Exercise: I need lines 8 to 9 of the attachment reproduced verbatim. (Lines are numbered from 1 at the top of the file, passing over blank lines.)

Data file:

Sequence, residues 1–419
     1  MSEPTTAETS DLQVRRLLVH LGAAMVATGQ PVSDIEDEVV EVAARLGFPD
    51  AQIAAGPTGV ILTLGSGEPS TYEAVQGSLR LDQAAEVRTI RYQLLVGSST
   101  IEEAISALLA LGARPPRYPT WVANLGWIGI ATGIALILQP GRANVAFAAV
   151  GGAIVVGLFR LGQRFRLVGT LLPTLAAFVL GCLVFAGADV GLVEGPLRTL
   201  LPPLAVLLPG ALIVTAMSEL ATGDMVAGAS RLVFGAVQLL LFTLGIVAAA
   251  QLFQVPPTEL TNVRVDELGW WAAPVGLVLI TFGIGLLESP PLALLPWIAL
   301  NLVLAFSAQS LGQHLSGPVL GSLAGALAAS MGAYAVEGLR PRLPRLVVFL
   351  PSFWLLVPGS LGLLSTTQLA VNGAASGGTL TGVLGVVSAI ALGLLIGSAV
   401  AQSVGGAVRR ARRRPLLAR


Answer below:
   301  NLVLAFSAQS LGQHLSGPVL GSLAGALAAS MGAYAVEGLR PRLPRLVVFL
   351  PSFWLLVPGS LGLLSTTQLA VNGAASGGTL TGVLGVVSAI ALGLLIGSAV